During the shoot both Markus and myself were for more than a week in London and then Crete working out the day to day strategy and preparing a list of tasks to get done, shot requirements and work around the planning of the shoot to accommodate which type of shot we were filming (either mask, open face or fully closed) which was a very complex process because from the performance point of view we did want to see the actor’s face always but we also needed to minimise the workload.


Heat was a problem even in London due to the fact the actor was wearing this massive suit so we had to constantly have cool air for him and devise some methods to make sure he was always safe.


The most important part was to make sure we responded to the various events on shoot and allow the shoot to move forward while getting the required information, rather than stopping them from doing things I was very active to capture the extra elements so they could do that.


Data adquisition
I took tons of notes as usual, measurements, camera records and detailed reference, HDRI’s, ref pictures and what not…
We were also recording with two witness cameras the main action so we could build a super-accurate 3D match move which was identified as the deal breaker given our skin technology was already very mature.



During the postproduction the organisation was very rigid as it was more a film pipeline than the odd commercial with a superb camera match move team, a robust rigger that brought a mature toolset with him and two very special animators putting these shots in motion, one of them on top of that is an old friend from The Mill that was now freelancing and a true Maya guru that even wrote quite a bit of Python to streamline the exporting and review process.

Facial motion capture
We allocated a facial motion capture session directed remotely by Fredrik and prepared a running edit of the shots to capture with repetitions so the actor could give us some variations on every take.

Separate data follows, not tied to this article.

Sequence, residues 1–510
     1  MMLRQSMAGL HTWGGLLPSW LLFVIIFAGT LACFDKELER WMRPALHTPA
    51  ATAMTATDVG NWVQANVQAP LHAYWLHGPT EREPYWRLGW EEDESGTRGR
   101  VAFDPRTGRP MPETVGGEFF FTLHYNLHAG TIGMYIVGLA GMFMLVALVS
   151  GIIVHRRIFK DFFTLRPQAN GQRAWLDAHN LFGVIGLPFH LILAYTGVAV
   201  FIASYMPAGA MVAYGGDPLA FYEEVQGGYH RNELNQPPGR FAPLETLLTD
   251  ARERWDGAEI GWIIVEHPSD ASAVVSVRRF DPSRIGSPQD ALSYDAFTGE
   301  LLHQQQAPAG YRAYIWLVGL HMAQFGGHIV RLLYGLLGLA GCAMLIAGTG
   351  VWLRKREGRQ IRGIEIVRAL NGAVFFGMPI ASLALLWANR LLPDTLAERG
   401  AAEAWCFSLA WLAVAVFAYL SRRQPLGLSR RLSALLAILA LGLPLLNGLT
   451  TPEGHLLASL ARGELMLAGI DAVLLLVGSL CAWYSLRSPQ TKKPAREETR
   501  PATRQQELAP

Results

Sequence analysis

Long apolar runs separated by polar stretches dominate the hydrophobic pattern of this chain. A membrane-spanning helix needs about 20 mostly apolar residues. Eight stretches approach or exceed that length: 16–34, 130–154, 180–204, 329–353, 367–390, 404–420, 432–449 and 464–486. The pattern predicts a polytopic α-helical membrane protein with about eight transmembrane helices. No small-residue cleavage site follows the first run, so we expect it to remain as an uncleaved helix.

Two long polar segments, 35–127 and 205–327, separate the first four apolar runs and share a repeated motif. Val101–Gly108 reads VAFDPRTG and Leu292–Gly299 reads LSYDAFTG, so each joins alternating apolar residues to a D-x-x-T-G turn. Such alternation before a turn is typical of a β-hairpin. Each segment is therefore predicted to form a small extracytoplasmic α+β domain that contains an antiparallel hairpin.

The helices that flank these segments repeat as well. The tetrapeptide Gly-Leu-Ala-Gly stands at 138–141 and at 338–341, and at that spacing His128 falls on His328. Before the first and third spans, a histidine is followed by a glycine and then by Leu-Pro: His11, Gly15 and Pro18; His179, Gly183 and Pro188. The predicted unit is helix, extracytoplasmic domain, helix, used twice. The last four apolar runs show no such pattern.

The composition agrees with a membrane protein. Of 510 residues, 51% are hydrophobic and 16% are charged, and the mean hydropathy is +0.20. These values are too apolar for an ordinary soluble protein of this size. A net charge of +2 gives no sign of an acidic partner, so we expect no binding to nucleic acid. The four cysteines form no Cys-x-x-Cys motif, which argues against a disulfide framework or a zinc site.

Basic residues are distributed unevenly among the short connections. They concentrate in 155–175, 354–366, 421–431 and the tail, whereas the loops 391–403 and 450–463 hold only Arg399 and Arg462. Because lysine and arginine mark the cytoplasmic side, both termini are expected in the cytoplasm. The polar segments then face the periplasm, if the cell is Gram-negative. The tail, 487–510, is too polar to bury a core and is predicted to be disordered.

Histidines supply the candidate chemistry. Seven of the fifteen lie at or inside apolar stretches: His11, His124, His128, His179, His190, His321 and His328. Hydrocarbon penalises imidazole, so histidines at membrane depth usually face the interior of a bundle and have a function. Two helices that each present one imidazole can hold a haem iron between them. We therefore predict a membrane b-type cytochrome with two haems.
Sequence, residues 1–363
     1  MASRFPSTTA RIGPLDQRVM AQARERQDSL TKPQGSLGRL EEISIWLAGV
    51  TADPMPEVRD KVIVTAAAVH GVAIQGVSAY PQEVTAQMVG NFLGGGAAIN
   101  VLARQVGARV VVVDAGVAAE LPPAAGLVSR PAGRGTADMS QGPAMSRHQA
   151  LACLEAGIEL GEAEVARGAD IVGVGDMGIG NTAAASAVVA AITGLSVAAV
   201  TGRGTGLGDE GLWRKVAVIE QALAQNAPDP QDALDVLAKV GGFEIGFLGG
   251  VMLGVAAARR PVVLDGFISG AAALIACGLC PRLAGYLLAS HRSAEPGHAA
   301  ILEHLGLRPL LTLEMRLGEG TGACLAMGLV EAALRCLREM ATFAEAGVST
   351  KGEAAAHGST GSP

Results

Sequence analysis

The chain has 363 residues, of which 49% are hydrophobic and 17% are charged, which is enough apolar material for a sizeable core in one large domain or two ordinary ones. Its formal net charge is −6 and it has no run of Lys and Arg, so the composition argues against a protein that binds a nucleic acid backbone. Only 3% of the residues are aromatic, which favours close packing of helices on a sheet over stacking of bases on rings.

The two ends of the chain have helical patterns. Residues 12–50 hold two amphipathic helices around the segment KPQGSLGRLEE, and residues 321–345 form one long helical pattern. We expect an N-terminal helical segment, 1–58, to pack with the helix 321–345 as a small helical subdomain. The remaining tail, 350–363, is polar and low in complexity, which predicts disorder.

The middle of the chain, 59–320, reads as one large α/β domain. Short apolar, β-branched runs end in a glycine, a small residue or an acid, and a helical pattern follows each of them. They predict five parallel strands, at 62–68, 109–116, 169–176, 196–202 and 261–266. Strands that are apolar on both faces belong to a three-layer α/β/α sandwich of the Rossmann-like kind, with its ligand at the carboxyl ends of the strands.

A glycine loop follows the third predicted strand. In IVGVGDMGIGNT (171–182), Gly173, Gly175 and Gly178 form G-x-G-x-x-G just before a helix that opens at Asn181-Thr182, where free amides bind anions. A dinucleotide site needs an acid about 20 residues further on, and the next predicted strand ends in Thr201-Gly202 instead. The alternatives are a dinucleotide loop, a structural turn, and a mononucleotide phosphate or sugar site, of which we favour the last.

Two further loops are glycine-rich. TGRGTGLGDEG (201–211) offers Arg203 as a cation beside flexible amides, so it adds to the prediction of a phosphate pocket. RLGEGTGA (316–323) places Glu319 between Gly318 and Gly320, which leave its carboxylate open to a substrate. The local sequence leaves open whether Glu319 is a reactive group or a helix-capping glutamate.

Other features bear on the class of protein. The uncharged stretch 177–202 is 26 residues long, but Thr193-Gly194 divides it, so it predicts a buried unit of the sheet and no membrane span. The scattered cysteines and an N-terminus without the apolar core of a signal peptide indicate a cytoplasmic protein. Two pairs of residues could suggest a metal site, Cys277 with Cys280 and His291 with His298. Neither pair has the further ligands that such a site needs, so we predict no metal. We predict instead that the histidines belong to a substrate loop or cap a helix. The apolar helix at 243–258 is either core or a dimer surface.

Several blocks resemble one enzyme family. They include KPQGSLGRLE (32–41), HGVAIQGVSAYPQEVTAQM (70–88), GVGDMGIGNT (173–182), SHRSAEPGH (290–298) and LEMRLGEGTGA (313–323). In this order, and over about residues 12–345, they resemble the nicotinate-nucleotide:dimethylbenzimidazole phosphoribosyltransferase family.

We run through various intensities and approaches but learned very quick once we had the data that the performance was not the easiest to translate to the Ogre given the different face as although the anatomy was correct the tusks were the defining factor and everything required quite a lot of massaging so the amount of work was still very considerable. Also we learned the performance on set was way more correct than a month later on a studio, I think this is simply because he truly was “in character”.

Technical Photography
As we required some serious detail and colour calibrated photography we hired the best guy in the business with more than 20 years doing photography for CG, Aviv, who happily helped us photograph both the actor and the prosthetic mask on the actor in a controlled and colour calibrated environment, with these photos doing the textures of the face was much easier and the incredible amount of detail paid of in spades.

The Ogre
The most particular part of the job was the balance between the eyes of the actor we were desperate to keep and the prosthetic and how to blend these, something very few people would even think of it as a challenge but was the core issue on many shots given that how these react to light is wildly different and a tiny drift would ruin the job.

We started scanning the actor;

which drove the design of the ogre, the final prosthetic was also scanned and the difference between the Zbrush model and the scan of the final prosthetic was later considered so we minimised the deviation from the sculpt.